I’ve found at least one good piece on them, by Rene Stulz, in the Spring 2007 Journal of Economic Perspectives. I learned or reaffirmed the following:
1. Hedge funds have existed since at least 1949.
2. Hedge funds exist because mutual funds do not deliver "complex investment strategies." In part this is because mutual funds are regulated.
3. The largest mutual fund is about six times larger than the largest hedge fund. Marketing constraints also encourage very large funds to adopt simpler and easier-to-explain strategies.
4. Investment advisors with fewer than 15 clients do not have to register with the SEC.
5. Regulations restrict the compensation of mutual fund advisors in various ways, typically requiring symmetric treatment of gains and losses (if a dollar of profit leads to a bonus, a dollar of loss must lead to a penalty). That is why mutual fund managers are compensated in proportion to the size of their funds, not their performance. This is not obviously efficient, and of course hedge funds pay for performance.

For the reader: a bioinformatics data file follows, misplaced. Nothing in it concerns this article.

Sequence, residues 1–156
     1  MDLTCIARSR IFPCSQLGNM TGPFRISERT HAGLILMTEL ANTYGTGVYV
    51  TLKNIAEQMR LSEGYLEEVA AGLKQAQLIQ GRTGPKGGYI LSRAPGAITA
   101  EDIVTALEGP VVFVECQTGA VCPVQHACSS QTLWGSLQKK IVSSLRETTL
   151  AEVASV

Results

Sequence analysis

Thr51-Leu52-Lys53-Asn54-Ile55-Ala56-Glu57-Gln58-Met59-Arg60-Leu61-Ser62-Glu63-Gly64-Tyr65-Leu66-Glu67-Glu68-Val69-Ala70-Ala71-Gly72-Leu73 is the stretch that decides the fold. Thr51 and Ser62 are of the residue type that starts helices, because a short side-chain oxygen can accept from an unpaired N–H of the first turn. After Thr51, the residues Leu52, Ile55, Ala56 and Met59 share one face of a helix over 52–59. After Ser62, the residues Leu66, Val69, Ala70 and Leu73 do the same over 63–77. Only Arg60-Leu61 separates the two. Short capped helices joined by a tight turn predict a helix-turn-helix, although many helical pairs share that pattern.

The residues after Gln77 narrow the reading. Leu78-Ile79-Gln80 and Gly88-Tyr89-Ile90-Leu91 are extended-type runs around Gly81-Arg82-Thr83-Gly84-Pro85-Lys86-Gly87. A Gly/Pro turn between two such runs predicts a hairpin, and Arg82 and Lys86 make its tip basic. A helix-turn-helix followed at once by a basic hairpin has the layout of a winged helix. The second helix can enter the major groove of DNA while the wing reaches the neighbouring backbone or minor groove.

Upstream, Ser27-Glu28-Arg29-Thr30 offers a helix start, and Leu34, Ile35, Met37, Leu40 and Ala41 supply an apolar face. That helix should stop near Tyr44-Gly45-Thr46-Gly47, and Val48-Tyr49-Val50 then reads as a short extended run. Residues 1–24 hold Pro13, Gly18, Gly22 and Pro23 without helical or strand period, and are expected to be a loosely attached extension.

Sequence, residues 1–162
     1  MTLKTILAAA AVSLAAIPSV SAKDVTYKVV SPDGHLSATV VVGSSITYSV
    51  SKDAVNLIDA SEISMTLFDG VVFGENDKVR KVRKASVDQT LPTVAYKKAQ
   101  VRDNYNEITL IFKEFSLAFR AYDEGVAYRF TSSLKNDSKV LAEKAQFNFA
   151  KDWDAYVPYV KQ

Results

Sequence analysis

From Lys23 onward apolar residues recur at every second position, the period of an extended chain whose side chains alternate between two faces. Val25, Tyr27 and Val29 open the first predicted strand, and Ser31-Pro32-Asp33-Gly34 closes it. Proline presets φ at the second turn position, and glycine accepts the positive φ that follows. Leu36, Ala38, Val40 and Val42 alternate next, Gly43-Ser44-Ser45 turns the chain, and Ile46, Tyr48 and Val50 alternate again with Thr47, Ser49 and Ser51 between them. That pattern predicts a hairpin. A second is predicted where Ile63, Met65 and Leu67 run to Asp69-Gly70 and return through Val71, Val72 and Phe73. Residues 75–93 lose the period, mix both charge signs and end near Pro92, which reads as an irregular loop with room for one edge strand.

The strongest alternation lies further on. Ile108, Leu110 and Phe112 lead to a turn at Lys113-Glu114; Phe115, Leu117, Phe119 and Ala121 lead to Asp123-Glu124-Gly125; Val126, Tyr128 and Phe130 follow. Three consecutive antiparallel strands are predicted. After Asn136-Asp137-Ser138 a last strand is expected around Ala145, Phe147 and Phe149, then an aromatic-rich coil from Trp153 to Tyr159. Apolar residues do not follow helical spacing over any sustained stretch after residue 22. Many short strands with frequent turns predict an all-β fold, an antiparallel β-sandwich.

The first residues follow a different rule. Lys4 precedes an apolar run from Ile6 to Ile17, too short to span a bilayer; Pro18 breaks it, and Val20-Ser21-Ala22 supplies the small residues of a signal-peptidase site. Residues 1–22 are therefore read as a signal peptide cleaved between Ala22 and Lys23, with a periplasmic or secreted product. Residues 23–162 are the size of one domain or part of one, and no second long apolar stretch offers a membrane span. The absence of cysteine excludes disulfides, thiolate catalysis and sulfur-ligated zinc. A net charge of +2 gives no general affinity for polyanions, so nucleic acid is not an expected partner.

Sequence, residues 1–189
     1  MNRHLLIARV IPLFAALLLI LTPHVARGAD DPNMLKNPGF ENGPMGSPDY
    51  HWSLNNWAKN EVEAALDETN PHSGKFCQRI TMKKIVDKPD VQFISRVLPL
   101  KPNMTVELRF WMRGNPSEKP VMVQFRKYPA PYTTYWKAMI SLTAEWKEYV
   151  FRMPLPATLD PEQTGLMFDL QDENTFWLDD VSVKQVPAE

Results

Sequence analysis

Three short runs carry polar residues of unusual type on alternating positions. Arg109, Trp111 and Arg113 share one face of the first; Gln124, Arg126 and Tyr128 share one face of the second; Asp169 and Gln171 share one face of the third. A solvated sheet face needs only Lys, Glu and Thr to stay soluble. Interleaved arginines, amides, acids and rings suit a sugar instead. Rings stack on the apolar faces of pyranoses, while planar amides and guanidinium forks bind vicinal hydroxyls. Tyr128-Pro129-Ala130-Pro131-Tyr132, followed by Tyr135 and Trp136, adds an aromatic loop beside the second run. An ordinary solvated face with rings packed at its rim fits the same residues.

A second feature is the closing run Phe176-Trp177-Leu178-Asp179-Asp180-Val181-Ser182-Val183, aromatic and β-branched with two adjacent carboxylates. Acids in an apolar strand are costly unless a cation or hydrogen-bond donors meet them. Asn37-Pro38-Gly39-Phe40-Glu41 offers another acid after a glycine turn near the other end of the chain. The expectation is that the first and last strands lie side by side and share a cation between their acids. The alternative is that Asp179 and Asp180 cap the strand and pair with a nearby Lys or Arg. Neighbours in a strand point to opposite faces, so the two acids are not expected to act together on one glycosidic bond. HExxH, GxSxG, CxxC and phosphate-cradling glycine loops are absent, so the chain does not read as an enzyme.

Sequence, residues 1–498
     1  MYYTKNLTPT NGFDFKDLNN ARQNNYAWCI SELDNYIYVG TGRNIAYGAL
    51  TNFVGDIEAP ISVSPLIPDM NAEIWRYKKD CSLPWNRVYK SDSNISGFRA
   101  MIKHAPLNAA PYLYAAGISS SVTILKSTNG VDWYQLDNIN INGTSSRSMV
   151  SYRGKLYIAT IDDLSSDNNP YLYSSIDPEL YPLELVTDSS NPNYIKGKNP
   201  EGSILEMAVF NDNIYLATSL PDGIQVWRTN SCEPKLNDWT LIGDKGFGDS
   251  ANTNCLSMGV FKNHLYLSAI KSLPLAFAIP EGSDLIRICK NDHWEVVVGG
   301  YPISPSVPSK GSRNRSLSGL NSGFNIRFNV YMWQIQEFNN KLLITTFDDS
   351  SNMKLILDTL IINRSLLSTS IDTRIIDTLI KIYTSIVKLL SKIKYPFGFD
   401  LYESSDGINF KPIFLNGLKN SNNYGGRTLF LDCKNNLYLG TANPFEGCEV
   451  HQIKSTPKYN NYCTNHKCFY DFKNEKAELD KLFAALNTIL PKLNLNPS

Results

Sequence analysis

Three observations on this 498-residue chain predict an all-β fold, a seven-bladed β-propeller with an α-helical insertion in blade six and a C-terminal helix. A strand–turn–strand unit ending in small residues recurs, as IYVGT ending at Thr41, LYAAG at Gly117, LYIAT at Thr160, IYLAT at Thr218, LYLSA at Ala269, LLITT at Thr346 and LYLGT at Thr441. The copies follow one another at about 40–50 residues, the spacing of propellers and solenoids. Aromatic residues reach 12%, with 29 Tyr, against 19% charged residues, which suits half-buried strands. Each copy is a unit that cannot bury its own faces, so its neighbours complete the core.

6. Hedge funds don’t have to disclose information to investors, other than by contractual agreement.
7. Diversification and redemption requirements make it harder for mutual funds to exploit some profit opportunities, or to hedge in particular manners.
8. The number of mutual funds that try to replicate hedge fund strategies is growing rapidly.
9. Available data on hedge fund returns are nearly worthless.
Overall I was struck by how much hedge fund activity is an artifact of regulations, and not necessarily beneficial regulations. Deregulating some aspects of mutual funds may be an alternative to regulation of hedge funds.